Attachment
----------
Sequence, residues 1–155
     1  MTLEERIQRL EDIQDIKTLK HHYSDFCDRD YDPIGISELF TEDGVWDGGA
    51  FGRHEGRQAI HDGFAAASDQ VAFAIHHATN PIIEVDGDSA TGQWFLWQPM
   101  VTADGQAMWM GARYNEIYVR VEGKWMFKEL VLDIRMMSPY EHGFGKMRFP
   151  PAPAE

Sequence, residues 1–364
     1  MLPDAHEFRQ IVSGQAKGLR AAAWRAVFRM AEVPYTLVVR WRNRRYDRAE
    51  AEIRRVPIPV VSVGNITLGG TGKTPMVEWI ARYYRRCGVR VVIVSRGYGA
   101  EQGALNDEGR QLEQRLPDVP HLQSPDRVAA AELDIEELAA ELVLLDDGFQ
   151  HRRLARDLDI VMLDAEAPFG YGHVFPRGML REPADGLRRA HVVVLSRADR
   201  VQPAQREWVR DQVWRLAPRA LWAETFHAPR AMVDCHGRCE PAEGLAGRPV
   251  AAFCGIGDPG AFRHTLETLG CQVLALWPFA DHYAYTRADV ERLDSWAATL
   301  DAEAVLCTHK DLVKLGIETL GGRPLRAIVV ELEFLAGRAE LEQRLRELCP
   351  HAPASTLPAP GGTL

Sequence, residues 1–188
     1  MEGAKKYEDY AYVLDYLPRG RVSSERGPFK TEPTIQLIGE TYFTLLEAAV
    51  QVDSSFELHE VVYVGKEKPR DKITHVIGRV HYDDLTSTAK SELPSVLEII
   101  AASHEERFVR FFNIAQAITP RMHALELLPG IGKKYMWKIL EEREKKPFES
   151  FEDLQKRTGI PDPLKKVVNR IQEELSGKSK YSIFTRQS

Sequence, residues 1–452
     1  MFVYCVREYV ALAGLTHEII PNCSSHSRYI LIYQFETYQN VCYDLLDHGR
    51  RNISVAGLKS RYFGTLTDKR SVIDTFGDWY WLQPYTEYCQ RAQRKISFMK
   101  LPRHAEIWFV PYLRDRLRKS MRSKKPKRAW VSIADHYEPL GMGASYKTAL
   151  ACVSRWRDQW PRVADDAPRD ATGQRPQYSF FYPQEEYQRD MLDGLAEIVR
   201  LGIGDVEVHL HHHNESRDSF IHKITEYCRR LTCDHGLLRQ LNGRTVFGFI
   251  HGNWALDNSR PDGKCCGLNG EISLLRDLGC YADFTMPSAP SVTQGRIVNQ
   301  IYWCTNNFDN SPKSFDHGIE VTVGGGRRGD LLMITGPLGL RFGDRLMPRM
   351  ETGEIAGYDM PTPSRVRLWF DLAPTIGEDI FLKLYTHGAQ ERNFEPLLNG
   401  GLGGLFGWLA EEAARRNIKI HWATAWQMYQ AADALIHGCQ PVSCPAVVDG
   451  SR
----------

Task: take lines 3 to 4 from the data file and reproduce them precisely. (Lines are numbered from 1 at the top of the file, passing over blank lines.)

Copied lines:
    51  FGRHEGRQAI HDGFAAASDQ VAFAIHHATN PIIEVDGDSA TGQWFLWQPM
   101  VTADGQAMWM GARYNEIYVR VEGKWMFKEL VLDIRMMSPY EHGFGKMRFP